We may not have pyramids, but stone structures do exist here
When it comes to ancient archaeology – the study of sites or structures pre-dating Europeans – there’s one thing in New Hampshire I know: The field doesn’t really exist because there’s nothing much to study.
Or, maybe not.
“Your belief is testimony to the effectiveness of attempts to keep the location of archeological sites hidden,” said Richard Boisvert, the state archaeologist. “There are plenty of sites out there, but there are a great number of people who would happily tear the locations apart to get a few artifacts, so their location isn’t released. … We have excavated quite a bit in your area.”
Archaeology, it seems, practices what computer folks call “security through obscurity.” The idea is that if nobody knows that something desirable even exists, they won’t try to swipe it.
Donna Thompson of Derry, who is New Hampshire chapter head for a group called NEARA that studies stone structures, agreed: “These places are generally protected.”
She said New Hampshire even has some petroglyphs, or ancient rock drawings. I didn’t think they existed anywhere east of Arizona.
“Where are they?” I shouted in excitement when told this, but Thompson declined to elaborate. Drat.
There’s a drawback to this obscurity, however. If the public never sees or hears of archaeological work, it’s hard for us to support it with money or by helping to preserve sites.
“As a group, archaeologists are not very good at communicating with the general public,” admitted Boisvert.
NEARA, the New England Antiquities Research Association, want to overcome at least part of that problem with its 50th anniversary celebration, taking place Oct. 31 through Nov. 2 at the Holiday Inn in Nashua.
NEARA studies lithic, or stone, structures in the Northeast. That includes some natural formations like balancing rocks, but mostly they analyze man-made stuff, some as modern as stone walls or chambers built to store vegetables and other food, but some as ancient as rock piles that may have been built by Native Americans millennia ago.
The association, composed most of interested amateurs, does no digging or excavation, leaving that up to professional archaeological teams. It does mapping and preservation and research, which is vital, and it’s careful to preserve private-property rights.
Its celebration will include programs ranging from the technical (“Malta megaliths and exploring archaeoacoustics”) to the more down-to-earth, including “How to interact with your town officials to save sacred sites.”
You can find out more at NEARA’s website, neara.org.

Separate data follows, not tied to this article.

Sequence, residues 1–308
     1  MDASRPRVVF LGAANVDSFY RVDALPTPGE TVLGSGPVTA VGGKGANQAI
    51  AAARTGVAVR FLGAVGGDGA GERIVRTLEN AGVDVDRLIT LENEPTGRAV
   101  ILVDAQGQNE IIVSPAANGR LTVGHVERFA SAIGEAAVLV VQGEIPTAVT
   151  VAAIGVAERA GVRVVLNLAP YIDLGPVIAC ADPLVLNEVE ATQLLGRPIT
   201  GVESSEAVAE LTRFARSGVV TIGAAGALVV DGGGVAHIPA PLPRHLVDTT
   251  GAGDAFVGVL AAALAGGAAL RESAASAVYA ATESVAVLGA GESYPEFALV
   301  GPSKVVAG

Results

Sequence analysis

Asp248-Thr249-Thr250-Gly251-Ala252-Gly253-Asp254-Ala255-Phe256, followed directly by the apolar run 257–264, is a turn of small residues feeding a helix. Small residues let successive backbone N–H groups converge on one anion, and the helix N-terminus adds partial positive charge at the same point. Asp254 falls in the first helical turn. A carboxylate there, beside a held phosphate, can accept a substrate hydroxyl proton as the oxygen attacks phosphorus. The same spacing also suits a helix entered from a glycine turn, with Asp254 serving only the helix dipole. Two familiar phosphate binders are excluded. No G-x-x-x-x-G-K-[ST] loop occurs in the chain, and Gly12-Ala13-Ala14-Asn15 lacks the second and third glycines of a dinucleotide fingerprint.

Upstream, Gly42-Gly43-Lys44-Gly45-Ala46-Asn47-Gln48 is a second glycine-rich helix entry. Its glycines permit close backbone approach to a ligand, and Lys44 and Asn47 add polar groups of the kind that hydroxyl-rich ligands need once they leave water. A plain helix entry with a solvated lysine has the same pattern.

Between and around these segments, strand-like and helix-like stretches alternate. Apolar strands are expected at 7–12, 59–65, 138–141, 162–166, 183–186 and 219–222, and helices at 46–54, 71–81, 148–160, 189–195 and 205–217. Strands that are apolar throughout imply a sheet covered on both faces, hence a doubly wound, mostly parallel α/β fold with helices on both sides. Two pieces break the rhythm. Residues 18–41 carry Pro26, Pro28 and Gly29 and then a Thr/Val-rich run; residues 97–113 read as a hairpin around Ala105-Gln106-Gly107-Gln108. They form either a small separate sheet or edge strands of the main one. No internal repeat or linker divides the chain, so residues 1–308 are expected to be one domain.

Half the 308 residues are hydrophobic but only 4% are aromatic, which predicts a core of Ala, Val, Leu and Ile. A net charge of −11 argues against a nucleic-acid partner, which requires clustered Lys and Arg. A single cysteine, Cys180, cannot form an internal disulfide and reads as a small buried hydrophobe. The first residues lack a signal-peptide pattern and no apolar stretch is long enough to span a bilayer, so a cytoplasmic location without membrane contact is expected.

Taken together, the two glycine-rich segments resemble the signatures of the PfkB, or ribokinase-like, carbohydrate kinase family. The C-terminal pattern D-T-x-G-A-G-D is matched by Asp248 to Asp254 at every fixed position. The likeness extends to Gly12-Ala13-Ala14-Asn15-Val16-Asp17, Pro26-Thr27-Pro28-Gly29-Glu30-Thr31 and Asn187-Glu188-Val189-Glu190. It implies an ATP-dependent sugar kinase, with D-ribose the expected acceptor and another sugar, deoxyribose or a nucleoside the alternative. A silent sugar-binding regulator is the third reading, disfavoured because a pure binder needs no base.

It’s impossible to discuss ancient stone structures in New Hampshire without mentioning America’s Stonehenge in Salem, the charming tourist spot that has fascinating stone chambers and mysterious-looking rocks. It’s the best-known ancient lithic site in the state and maybe in all of New England – assuming it really is ancient.
“No matter where I go, when I mention NEARA, people bring up America’s Stonehenge,” Thompson said.
Some people think that the at least part of the site was built by pre-Columbian peoples with some mysterious practices in mind. This makes it a magnet for the New Age crowd, especially around the solstices.
Others, however, think the stone are typical 19th-century farm fare – for example, a much-discussed “sacrificial stone” looks like stones used elsewhere for making lye soap – and that the pre-Columbia ideas are so much hoo-hah.
It’s hard to say for sure, however, because a previous owner moved many of the stones around to bolster his belief that the place was once the home of Irish monks. That’s back when it was known as Mystery Hill.
“It’s interesting, but the history is very muddled on it. It’s open to interpretation,” is how Thompson describes it when I prodded her for a comment.
About the only thing that’s certain is that it has no connection to the Stonehenge in England. (Incidentally, “henge” is a term for a roughly circular earthwork built by a number of pre-technical civilizations.)
NEARA was partly established by the owners of America’s Stonehenge, who still support the association’s research and outreach. The place is worth a visit, no matter your opinion about its archaeological underpinnings; it’s a delightful spot. Adult admission is $11 and it hosts some nice events, with snowshoeing coming up before too long.
GraniteGeek appears Mondays in The Telegraph. David Brooks can be reached at 594-6531 or email@example.com. Follow Brooks on Twitter (@granitegeek).